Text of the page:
Jerusalem Exhibition

Can we have hope or certainty in East or West or anywhere but in the one land full of gates that face the open gates of heaven?
—Judah ha-Levi (1075–1141), Jewish poet and philosopher

This Sunday I finally made it to the Jerusalem Exhibition at the Met  with the best group of people – my family including the youngest, most charming and most curious ladies. Today, when the Holy Land is still burning, it feels appropriate to spend the day contemplating the uniqueness of The Eternal City.

The exhibition is devoted to coexistence during “one of the most creative periods in its history” due to the fact that during 1000-1400 “Jerusalem was home to more cultures, religions, and languages than ever before”.

The exhibition, of course, tries to neutralise the pain and suffering of the people that did not have the ruling power in the city – Christians and Muslims at times of their respective downfalls, Jews – throughout the period.

I am not going to describe the exhibition, Met’s website will do it better for you if a bit one-sided to my taste. Just some observations that were interesting for me:

This is a lentil pot used specifically for cooking lentils in the area. I wonder if something like this was used by our pra-father Jacob to cook the famous lentil stew for which his brother Esau sold his firstborn rights:

לד  וְיַעֲקֹב נָתַן לְעֵשָׂו, לֶחֶם וּנְזִיד עֲדָשִׁים, וַיֹּאכַל וַיֵּשְׁתְּ, וַיָּקָם וַיֵּלַךְ; וַיִּבֶז עֵשָׂו, אֶת-הַבְּכֹרָה.

34 And Jacob gave Esau bread and pottage of lentils; and he did eat and drink, and rose up, and went his way. So Esau despised his birthright.

Another interesting object was the Tanach open to this very strangely printed page

If I remember correctly, this is a piece from the Book of Kings. I am just curious regarding the print, and I didn’t see any explanation. Wondering if any of my readers knows the story of this particular print.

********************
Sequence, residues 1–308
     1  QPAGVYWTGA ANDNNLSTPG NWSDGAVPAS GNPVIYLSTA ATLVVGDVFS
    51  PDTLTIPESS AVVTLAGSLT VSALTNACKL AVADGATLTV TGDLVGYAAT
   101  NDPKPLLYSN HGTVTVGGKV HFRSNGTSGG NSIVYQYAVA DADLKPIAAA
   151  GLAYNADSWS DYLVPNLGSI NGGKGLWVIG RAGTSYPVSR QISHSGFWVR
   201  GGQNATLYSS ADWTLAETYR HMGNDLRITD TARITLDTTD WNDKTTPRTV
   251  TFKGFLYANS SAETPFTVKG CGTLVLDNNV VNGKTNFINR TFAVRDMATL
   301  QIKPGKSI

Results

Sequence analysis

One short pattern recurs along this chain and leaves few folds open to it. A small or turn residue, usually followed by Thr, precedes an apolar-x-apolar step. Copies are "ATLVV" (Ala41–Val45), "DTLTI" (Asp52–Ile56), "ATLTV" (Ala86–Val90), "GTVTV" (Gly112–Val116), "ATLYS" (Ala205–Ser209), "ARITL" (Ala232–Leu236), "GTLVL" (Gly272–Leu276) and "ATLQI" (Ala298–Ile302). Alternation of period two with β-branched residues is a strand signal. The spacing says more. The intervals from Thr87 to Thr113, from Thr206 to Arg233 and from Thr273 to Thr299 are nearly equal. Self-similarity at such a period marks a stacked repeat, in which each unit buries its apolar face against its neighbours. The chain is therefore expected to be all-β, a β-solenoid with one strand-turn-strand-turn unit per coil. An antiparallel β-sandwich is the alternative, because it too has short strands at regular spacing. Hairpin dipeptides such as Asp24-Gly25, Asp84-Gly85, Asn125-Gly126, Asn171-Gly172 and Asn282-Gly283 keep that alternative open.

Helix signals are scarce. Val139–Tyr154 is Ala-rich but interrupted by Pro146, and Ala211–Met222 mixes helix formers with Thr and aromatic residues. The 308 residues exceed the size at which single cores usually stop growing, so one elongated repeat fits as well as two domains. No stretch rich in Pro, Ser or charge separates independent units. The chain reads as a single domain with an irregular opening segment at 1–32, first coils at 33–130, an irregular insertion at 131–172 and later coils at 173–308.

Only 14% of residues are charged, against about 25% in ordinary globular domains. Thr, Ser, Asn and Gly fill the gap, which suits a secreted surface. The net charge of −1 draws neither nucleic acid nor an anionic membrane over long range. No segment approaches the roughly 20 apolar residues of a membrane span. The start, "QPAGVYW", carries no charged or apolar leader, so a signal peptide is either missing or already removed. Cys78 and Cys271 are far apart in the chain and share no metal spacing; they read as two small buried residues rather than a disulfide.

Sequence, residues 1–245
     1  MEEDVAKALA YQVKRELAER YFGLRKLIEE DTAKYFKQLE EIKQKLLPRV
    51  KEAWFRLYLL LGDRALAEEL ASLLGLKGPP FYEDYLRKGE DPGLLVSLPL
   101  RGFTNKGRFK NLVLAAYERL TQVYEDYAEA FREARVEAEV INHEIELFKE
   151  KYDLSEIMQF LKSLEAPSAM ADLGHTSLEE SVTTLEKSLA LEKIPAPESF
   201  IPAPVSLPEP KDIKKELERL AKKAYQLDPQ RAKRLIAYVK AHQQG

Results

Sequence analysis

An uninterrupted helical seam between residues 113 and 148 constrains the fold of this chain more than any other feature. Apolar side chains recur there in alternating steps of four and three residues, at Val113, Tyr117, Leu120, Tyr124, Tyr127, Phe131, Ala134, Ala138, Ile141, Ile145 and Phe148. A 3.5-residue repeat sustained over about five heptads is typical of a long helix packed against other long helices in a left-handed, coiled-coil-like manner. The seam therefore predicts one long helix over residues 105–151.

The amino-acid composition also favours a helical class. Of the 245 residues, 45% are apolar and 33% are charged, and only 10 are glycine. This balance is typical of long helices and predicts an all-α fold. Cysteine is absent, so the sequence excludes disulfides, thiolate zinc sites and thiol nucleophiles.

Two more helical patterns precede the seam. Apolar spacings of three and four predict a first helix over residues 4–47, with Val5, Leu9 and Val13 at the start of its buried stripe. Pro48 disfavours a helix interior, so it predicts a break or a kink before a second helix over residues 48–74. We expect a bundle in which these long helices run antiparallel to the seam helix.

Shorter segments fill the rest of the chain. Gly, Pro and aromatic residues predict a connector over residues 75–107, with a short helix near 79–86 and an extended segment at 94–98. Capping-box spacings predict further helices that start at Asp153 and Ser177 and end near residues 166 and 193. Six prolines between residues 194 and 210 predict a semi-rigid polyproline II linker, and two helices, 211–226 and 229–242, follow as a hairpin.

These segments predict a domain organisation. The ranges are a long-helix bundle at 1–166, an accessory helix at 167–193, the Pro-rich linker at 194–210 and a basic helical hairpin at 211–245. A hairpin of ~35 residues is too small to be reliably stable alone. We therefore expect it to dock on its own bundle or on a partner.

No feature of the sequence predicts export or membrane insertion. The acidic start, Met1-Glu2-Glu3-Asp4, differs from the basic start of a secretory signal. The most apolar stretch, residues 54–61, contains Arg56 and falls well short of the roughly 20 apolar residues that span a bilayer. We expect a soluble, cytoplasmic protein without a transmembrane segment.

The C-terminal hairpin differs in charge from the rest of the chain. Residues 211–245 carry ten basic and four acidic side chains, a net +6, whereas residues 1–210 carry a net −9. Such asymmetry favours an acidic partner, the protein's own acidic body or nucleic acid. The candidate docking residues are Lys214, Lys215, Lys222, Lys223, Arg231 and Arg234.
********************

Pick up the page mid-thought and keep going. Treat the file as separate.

I did not pay too much attention to Christian objects. One, however, caught my eye – the original Psalter of the Queen Melisende, the only (I think) Christian female ruler of “The Kingdom of Jerusalem”. I have read a fascinating book about her a while ago.Supposedly, she was very pious and much loved by all the people of Jerusalem of her time.

Many beautiful objects belonging to the three religions are on display. If you can, do visit the exhibit before January 8, 2017.

The huge pictures of the city on the walls of the museum halls reminded me of the times I have walked these streets. And of the emotions, this city stirs within me. This time it was the, now more subtle, pain of loosing someone precious as his 19th yahrzait draws near:

When I stepped on these stones, where laughter and joy were once heard

When I walked through the streets, where merchants once sold their fare

When I looked at the coins once used as the tax for the Temple

When I saw the mosaics that cover the floors of the houses burnt by the Romans

When I gazed at the pool underneath the magnificent tunnel

When the water reflected my thoughts that I’ve almost forgotten myself

When the tears of thanks to HaShem that permitted me see all this beauty streamed down my face

Other tears, of sorrow, then followed with questions of “why” –

Why are you not with me, I was asking again and again.

Why your soul had to leave me so early?

Then I knew – you were always with me in this city,

Where righteous souls stay with people they loved in the world that is ending

And the one that is coming one day.

Does that mean that it’s all for the best?

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P.S. Here is an interesting account of the culinary aspects of this exhibition. I am posting it here purely for culinary interest as I am totally against some of the political statements in this New Yorker article.

 

 

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